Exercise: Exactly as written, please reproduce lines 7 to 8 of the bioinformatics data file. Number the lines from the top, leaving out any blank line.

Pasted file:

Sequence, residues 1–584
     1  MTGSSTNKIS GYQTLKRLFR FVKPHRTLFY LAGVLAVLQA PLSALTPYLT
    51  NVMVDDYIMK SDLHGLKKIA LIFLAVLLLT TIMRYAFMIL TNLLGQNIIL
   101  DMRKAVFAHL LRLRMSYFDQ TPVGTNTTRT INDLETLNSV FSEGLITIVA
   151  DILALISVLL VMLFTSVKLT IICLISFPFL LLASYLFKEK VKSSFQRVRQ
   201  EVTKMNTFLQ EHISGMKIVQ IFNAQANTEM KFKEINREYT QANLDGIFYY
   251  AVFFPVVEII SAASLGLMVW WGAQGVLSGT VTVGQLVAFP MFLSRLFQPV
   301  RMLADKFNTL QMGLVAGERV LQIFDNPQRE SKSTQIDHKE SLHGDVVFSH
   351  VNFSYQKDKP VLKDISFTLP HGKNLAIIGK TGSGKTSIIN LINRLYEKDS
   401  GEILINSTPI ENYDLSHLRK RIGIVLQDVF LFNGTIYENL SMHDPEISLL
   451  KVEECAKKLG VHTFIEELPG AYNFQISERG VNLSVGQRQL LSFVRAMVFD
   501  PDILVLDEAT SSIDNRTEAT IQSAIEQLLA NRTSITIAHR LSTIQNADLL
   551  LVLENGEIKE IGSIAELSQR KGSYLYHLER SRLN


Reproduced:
   251  AVFFPVVEII SAASLGLMVW WGAQGVLSGT VTVGQLVAFP MFLSRLFQPV
   301  RMLADKFNTL QMGLVAGERV LQIFDNPQRE SKSTQIDHKE SLHGDVVFSH